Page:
• That, with the patient’s consent, the institution may send the patient text messages, e-mail or other forms of electronic communication, and the purposes for which the institution may send such messages (i.e. appointment scheduling and confirmation, patient care, etc.);
  • The patient’s consent options, so that the patient can choose the circumstances in which they consent to receiving unencrypted e-mails (e.g. the patient might agree to receive administrative e-mails only, or e-mails pertaining to their clinical care as well) (see the IPC Email Fact Sheet p. 4);
  • That response times to electronic communications cannot be guaranteed, and that therefore patients should not communicate electronically in emergency situations or where an urgent response is required;
  • That electronic communications may be forwarded to those involved in the delivery and administration of care (e.g. staff who schedule appointments) but will not be forwarded to third parties, including family members, except with the patient’s consent or as authorized or required by law; and
  • That the privacy risks associated with virtual health care also apply to the use of electronic communications, and that there are additional risks associated with use of electronic communications (e.g. risk of being misdirected, received by unintended recipients, forwarded or circulated without the patient’s or institution’s knowledge, or accessed on portable devices — e.g. cell phones, laptops — that are more vulnerable to theft and loss).

E-mail safeguards

If the shift to virtual health care is likely to bring about an increase in unencrypted e-mail communications with patients, we recommend that institutions consider the state of their e-mail safeguards. For instance, it may be appropriate to train institution staff on avoiding or minimizing PHI when e-mailing with patients and on double checking e-mail addresses prior to sending e-mails out. The IPC Virtual Care Guideline lists additional safeguards to consider, such as (pp. 8-9):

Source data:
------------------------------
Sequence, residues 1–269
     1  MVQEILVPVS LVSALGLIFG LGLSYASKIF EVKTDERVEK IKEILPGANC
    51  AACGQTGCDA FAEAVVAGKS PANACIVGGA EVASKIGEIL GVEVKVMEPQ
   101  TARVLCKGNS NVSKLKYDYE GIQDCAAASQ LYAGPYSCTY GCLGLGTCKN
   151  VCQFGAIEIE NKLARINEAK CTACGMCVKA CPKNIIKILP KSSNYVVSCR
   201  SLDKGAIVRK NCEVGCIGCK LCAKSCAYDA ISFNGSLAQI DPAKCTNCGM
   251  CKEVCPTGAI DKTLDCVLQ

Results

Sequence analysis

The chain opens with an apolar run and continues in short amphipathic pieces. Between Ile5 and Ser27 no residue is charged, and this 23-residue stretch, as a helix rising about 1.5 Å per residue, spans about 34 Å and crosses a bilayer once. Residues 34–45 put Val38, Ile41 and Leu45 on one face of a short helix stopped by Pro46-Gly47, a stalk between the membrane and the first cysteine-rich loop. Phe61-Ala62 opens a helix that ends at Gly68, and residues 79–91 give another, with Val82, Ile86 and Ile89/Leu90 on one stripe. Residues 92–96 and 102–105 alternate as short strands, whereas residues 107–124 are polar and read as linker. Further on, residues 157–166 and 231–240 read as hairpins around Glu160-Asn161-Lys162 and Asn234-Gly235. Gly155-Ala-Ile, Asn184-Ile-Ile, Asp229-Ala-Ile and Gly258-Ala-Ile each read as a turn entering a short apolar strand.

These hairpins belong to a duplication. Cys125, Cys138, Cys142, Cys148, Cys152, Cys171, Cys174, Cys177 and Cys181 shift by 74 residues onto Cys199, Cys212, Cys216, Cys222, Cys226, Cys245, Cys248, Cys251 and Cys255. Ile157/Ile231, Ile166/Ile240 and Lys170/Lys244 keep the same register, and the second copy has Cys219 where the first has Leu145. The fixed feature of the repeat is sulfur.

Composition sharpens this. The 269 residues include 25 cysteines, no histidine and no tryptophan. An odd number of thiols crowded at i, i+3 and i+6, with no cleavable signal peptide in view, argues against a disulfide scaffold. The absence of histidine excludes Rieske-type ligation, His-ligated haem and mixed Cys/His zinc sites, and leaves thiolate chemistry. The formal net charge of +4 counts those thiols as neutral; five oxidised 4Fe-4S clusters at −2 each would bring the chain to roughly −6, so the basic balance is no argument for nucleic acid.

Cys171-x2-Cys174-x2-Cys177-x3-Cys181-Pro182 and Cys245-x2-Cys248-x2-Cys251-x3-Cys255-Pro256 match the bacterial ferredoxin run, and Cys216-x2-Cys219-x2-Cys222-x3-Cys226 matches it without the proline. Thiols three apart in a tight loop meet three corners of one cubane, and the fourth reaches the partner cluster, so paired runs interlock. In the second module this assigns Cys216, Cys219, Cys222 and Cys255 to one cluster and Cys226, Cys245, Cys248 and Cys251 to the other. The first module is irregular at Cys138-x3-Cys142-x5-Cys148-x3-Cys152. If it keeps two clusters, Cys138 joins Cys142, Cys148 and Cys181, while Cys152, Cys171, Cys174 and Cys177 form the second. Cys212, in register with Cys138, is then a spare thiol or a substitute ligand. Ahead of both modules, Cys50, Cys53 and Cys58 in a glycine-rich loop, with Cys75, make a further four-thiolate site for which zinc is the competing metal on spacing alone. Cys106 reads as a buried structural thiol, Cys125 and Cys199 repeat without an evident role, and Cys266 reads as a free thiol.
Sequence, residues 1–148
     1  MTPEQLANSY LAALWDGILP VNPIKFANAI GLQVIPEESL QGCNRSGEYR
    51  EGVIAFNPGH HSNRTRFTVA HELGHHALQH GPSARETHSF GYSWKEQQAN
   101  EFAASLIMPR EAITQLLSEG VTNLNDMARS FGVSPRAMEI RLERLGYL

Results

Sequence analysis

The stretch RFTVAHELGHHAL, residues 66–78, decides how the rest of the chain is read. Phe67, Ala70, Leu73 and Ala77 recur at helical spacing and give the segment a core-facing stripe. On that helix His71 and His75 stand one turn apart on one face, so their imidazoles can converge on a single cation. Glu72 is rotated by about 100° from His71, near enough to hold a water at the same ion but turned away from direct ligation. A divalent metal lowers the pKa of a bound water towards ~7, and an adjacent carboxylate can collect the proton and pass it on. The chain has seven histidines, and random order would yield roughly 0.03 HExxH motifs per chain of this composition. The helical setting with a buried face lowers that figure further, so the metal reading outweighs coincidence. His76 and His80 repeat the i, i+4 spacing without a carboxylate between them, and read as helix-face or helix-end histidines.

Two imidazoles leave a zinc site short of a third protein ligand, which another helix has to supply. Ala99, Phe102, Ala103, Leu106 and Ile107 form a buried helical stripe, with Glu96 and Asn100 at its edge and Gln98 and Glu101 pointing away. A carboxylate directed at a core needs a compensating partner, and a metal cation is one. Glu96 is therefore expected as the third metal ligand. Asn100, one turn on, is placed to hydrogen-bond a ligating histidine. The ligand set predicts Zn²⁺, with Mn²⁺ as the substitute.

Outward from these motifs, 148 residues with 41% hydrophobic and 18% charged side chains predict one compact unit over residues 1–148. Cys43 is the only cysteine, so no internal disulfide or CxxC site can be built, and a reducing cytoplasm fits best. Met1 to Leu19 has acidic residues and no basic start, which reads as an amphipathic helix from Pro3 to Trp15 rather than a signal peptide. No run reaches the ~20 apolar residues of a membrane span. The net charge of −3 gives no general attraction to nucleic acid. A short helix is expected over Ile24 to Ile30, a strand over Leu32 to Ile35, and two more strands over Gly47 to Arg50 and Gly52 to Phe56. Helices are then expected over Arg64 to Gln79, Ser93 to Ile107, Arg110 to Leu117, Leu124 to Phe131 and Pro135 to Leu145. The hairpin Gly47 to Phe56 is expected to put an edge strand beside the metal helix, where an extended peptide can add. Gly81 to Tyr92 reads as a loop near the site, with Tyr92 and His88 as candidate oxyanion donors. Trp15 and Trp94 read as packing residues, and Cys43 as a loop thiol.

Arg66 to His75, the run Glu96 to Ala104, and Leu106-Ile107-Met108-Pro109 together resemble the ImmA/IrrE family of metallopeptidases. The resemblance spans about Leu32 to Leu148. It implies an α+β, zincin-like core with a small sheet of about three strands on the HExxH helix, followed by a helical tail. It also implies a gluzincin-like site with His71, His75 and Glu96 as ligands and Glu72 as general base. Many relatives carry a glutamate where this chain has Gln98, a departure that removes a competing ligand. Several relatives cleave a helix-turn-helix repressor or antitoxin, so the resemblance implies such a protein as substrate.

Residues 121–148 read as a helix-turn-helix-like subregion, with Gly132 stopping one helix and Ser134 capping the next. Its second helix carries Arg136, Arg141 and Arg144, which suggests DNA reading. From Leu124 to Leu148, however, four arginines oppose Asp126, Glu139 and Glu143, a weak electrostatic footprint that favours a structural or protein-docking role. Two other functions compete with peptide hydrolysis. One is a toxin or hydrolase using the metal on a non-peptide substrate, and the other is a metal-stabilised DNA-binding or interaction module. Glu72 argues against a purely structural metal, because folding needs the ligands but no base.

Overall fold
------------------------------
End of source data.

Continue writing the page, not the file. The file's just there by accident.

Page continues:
• notifying patients in the e-mail that the information received is confidential, and providing them with instructions to follow if an e-mail is received by mistake;
  • confirming that e-mail addresses are up to date;
  • restricting access to the e-mail system and to e-mail content on a need-to-know basis; and
  • storing PHI on servers only for as long as is necessary for the intended purpose.


At the outset of the pandemic, institutions did a great deal to roll out virtual health care rapidly in the interests of patient welfare. They are to be commended. Now that this initial transition has taken place, and virtual health care shows no sign of slowing down, it may be an opportune time for institutions to consider some of its potential privacy and security risks and how best to manage and mitigate them. These articles are intended to help with that important process.

This is the second of a two-part series. Read the first article: Virtual health care: Managing privacy risks part one

Ira Parghi is a lawyer at Borden Ladner Gervais LLP in the health care and cybersecurity, privacy and data protection groups. Tanvi Medhekar is an articling student at BLG’s Toronto office.

Photo credit / Chaay_Tee ISTOCKPHOTO.COM

Interested in writing for us? To learn more about how you can add your voice to
The Lawyer’s Daily, contact Analysis Editor Richard Skinulis at or call 437- 828-6772.